William Elliot Griffis (1843–1928) was an American who taught physics and chemistry in Fukui. He also wrote a lot of books that presented Japan to the world. Thanks to his great achievements and character, he was loved by people in Fukui.
Griffis was born in America in 1843. In 1865, when he was 22 years old, he got into Rutgers University. At that time Japan was in a turbulent period. The nation had been closed from 1639 to 1853, and during that period it had rarely had diplomatic relations. However, in 1853 Japan had opened its doors and begun rapidly adopting Western culture. It was as part of this trend that Griffis was invited to Fukui when he was 27 to teach physics and chemistry.
Griffis did a lot of things in his life, but he did the following for Fukui and Japan:
- He taught languages to Kusakabe Taro.
- He taught physics and chemistry in Fukui.
- He wrote a lot of books about Japan in English.
Kusakabe Taro (1845–1870) was the first international student from the Fukui Domain. He studied at Rutgers University in America, and there Griffis taught him several languages. (Griffis himself was then a student at Rutgers, but he also taught there because he was the best and brightest student at the school.)
Kusakabe was an excellent student and rose to the top of his class. He was diligent, sincere, and polite, and Griffis respected him. Sadly, Kusakabe got sick and passed away before he was able to graduate.
The encounter with Kusakabe was Griffis’s first connection with Fukui. He became interested in Fukui and Japan because of this excellent student of his.
Surprisingly, the leaders of the Fukui Domain (the area that Kusakabe Taro had been from) asked Griffis to come to Fukui and teach. At that time there were no airplanes, so it took a very long time to get from America to Japan. He knew there was a possibility that he’d never be able to come back to America, but he decided to accept the offer. When he was 27 he went to Fukui, and he taught science there for about a year.
Griffis built the first American-style chemistry laboratory in Japan. He taught science in earnest, and his class was very exciting for the people who took it. He planted the seeds of science in Fukui and Japan.
Griffis was outgoing in his interactions with people in Fukui, and he tried to get to know Fukui and Japan. As I wrote earlier, Japan was changing drastically at that time as it tried to incorporate Western civilization. He experienced those changes and wrote a lot of books about them. The book The Mikado’s Empire was especially popular and became a bestseller in America.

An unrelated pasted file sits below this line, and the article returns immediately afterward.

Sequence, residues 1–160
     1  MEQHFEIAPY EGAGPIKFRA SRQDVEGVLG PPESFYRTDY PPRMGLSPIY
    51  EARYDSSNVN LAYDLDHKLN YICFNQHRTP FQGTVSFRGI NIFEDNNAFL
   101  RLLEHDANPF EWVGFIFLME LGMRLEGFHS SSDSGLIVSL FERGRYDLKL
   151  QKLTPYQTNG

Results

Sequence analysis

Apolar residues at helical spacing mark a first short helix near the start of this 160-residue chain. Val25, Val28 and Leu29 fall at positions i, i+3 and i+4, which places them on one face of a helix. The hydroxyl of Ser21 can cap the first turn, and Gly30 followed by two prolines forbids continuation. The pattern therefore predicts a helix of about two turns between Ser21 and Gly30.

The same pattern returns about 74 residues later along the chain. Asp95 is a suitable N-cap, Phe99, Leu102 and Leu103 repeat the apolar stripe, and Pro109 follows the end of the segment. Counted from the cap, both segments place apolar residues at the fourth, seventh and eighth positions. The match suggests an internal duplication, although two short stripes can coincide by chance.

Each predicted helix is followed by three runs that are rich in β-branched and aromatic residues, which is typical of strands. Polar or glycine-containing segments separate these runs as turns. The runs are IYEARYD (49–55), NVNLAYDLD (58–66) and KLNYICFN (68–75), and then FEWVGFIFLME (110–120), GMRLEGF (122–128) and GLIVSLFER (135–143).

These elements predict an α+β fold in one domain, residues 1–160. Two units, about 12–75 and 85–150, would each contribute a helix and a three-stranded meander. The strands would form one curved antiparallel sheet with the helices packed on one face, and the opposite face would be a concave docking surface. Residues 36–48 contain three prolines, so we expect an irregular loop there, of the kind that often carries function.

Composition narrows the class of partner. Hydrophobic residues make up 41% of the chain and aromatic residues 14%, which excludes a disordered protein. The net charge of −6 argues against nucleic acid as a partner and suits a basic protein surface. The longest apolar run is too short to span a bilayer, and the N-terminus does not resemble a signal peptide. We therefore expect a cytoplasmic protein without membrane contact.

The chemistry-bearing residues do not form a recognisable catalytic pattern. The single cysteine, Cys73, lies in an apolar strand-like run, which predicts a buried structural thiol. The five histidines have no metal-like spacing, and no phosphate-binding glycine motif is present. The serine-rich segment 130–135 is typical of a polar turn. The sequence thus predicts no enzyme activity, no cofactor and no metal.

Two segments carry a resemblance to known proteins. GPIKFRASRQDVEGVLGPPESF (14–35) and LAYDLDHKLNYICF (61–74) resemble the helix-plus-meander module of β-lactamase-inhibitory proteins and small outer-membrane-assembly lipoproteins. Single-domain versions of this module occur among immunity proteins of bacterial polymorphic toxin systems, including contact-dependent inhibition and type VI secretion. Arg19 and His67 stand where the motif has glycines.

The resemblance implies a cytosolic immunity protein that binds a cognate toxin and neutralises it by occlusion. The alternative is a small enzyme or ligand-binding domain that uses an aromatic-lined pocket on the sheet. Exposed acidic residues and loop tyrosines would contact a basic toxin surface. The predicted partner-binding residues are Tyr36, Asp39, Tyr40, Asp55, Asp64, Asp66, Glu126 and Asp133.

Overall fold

Some of the students in Fukui who learned science from Griffis later became great scientific pioneers in Japan. For example, Ishizuka Sagen became a doctor who founded the field of dietary education (shokuiku). Hirase Sakugoro was the first person in the world to find swimming sperm inside ginkgo seeds. Sasaki Chujiro became a pioneer in modern sericulture and silk reeling.
Griffis did his job diligently and passionately, and because of this he was loved and respected by people in Fukui. One episode shows how popular he was: When he was 83 he went back to Fukui with his wife for the first time in 55 years. When he reached Fukui Station, about 1,500 citizens were there to welcome him.
Griffis passed away at the age of 84, but his influence didn’t end there.
In 1981 the University of Fukui established an academic exchange program with Rutgers University, where Griffis had studied. In 1990 Fukui and New Brunswick (the city where Rutgers is located) created a sister-city relationship.
In 2015 a house in Fukui where Griffis had once lived was restored. The house is now called the Fukui City Griffis Museum, and it contains numerous panels that describe the achievement of Griffis in both English and Japanese. (It takes 15 minutes to walk there from JR Fukui Station. The museum is open from 10 a.m. to 7 p.m., and it’s open every day outside the New Year’s holiday. Entry is free. The museum has an English website that provides details.)
Near the Asuwa River is a pair of statues, one of Griffis and the other of Kusakabe. They’re a five-minute walk from the museum.
Griffis first went to Fukui 150 years ago, but the people of the city will never forget him.
「The Mikado’s Empire」(William Elliot Griffis) (IBC パブリッシング)
「Japan in History, Folklore and Art」（William Elliot Griffis）(BIBLIOLIFE)
「Griffis in Japan: The Fukui Interlude,1871」(Edward R. Beauchamp) (Sophia University)